India inks anti-terror pact with Myanmar, loosens purse strings (Night Lead)

July 27th, 2010 - 10:43 pm ICT by IANS  

Manmohan Singh New Delhi, July 27 (IANS) With an eye on China’s growing influence, India Tuesday signed a key pact to boost counter-terror cooperation with Myanmar and offered soft loans worth millions of dollars for a string of development and transport projects in the energy-rich southeast Asian country.
Tactfully balancing Western condemnation of the Myanmar junta over its human rights record and its security and energy interests, India gently nudged the junta in the direction of democratic reforms.

India emphasized the importance of comprehensively broad-basing the national reconciliation process and democratic changes being introduced in Myanmar, said a joint statement at the end of wide-ranging talks between Prime Minister Manmohan Singh and Myanmar’s military ruler General Than Shwe. There was, however, no mention in the joint statement of the iconic leader Aung San Suu Kyi, who remains under custody, and has boycotted the elections likely later this year.

Security and counter-terrorism topped the agenda. Among the five pacts signed is a treaty on mutual legal assistance in criminal matters that will be crucial in enabling India get access to insurgents from India’s northeast states who continue to shelter along the sprawling 1,650-kilometer India-Myanmar border.

The treaty aims at deepening bilateral cooperation in combating transnational organized crime, terrorism, drug trafficking, money laundering and smuggling of arms and explosives.

Both leaders reiterated that their territory would not be allowed for terror or insurgent activities against each other. “They agreed that security cooperation should be given immediate attention since terrorists, insurgents and criminals respect no boundaries and undermine the social and political fabric of a nation,” said the joint statement.

The two sides also signed pacts in the areas of small development projects, science and technology and information cooperation. A memorandum of understanding on Indian assistance in restoring the Ananda temple in Bagan, a renowned Buddhist shrine and a major tourist site in central Myanmar, was also inked.

Increased collaboration for developing connectivity to link India’s northeast states, IT and infrastructure development formed key highlights of the talks, with India offering lines of credits worth millions of dollars to Myanmar.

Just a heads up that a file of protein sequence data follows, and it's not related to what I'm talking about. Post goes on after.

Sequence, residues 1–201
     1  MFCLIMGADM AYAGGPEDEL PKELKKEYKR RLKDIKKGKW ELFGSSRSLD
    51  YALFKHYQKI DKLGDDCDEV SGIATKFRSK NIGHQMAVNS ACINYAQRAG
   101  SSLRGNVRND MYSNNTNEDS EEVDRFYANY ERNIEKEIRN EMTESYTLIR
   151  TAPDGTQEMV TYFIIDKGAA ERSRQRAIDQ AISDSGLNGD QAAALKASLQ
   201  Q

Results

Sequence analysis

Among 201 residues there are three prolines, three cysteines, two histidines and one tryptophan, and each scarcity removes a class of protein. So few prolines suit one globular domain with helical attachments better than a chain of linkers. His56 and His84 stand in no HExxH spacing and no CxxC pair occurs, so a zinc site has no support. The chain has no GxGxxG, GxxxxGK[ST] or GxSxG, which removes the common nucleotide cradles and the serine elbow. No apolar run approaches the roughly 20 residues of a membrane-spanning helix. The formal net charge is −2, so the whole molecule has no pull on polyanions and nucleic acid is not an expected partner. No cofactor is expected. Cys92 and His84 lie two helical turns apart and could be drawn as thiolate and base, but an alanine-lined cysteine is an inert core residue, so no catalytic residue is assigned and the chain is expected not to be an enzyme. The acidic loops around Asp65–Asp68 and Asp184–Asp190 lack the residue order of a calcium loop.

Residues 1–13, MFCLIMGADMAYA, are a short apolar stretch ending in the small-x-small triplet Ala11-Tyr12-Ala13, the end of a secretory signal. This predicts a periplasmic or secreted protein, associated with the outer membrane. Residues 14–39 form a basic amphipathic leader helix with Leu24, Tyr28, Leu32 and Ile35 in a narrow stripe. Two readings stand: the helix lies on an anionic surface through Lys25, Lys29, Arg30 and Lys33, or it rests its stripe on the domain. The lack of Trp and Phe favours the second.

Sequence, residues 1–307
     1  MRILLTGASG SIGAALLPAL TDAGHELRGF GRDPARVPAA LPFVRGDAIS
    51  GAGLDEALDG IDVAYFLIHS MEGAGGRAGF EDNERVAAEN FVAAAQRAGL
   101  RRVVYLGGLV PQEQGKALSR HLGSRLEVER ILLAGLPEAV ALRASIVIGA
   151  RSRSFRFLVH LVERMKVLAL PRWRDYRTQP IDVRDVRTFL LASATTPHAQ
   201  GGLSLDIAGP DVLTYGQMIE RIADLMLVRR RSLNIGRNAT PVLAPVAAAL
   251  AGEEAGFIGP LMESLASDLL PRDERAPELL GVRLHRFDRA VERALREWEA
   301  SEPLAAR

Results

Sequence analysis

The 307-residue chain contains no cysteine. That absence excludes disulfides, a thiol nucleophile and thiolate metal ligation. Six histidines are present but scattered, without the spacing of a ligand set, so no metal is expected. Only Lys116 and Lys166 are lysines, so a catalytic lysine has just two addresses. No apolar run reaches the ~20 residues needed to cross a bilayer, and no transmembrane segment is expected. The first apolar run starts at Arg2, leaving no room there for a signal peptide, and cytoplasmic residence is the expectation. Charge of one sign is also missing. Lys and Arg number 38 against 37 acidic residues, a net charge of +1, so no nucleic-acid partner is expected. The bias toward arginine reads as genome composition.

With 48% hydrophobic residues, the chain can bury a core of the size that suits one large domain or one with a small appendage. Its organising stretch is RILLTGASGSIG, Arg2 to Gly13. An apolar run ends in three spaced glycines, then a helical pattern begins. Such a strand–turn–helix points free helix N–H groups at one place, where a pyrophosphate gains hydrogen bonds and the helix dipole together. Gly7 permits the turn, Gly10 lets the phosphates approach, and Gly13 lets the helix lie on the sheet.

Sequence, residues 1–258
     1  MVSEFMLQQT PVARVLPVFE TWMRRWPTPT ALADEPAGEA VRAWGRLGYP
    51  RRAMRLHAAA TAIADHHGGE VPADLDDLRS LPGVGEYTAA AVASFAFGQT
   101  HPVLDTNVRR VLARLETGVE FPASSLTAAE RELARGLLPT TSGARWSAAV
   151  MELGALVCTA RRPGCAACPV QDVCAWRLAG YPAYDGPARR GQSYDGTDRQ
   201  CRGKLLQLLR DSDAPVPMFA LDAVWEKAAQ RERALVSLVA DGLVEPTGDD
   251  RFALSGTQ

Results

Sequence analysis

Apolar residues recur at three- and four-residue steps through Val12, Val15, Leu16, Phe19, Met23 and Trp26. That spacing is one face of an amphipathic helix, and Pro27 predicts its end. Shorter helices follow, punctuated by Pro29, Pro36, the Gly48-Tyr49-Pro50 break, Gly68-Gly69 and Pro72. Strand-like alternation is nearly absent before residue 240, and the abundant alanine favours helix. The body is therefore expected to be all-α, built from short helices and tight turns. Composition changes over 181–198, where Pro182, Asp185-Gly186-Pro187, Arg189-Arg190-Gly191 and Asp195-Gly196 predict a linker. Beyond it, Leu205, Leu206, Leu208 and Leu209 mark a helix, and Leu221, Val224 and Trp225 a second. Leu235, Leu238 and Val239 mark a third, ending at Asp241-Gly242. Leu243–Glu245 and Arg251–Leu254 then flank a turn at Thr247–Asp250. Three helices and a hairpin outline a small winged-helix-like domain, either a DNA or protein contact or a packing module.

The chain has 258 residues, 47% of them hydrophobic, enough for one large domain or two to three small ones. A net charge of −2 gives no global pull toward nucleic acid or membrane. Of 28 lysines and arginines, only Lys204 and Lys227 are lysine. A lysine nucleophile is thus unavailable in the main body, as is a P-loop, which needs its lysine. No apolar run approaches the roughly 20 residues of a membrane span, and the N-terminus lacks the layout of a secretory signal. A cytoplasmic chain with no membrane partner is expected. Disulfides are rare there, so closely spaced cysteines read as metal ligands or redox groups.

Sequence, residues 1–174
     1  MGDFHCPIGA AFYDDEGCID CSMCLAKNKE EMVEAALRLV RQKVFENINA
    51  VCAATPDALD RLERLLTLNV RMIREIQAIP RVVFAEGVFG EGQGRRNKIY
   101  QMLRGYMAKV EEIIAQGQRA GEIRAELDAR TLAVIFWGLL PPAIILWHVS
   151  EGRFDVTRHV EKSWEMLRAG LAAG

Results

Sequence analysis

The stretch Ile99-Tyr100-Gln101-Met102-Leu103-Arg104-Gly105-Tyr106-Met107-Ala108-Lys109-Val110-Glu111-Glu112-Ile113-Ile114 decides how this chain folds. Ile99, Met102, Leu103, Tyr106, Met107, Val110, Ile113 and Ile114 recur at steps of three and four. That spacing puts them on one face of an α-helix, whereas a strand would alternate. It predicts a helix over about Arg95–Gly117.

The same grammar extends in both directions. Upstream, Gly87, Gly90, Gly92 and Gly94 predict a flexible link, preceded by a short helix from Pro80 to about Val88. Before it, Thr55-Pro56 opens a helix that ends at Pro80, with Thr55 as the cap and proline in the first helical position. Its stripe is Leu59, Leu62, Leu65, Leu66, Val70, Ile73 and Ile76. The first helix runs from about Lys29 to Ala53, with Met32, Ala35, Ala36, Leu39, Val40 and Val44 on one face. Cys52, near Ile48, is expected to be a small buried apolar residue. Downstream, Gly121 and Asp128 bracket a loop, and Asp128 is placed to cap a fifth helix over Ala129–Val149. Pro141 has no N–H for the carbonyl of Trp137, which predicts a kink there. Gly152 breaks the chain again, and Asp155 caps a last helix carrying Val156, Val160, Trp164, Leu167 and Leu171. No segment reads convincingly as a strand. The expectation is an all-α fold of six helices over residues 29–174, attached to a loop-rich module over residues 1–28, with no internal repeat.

Against the backdrop of China’s growing clout in Myanmar, India rolled out $60 million line of credit for development of railways, another $60 million for revamping of the Rhi-Tiddim road to enhance connectivity to northeastern states, $10 million for procurement of agricultural machinery and $6 million to upgrade the microwave link between Moreh and Mandalay in Myanmar.

The two sides also decided to ramp up their energy ties and bilateral trade, which currently stands at $1 billion. The Myanmar side welcomed the substantial additional investment by Oil and Natural Gas Corporation (ONGC) and Gas Authority of India Limited (GAIL) for the development in the upstream and downstream projects of Myanmar offshore blocks A-1 and A-3, including the natural gas pipeline under construction at Ramree in Myanmar.

India rolled out the red carpet to welcome Than Shwe, who began his five-day visit to the country Sunday by offering prayers at the Mahabodhi temple at Bodh Gaya in Bihar. Than Shwe, who heads State Peace and Development Council, as the junta calls itself, was accorded a ceremonial welcome at the forecourt of the Rashtrapati Bhavan Tuesday morning.

Thousands of Myanmarese refugees staying in India for years aired their outrage at Than Shwe’s visit and have urged the Indian government not to endorse the upcoming elections in that country. The United Nations High Commissioner for Refugees has officially said about 3,500 Myanmarese refugees are in India, with another 4,500 asylum seekers. Unofficial figures put the number at about 100,000, mostly in the northeastern states.

India supported the pro-democracy uprising in 1988, but started engaging the junta in the mid-1990s in view of Beijing’s surging trade, energy and defence deals with Myanmar.

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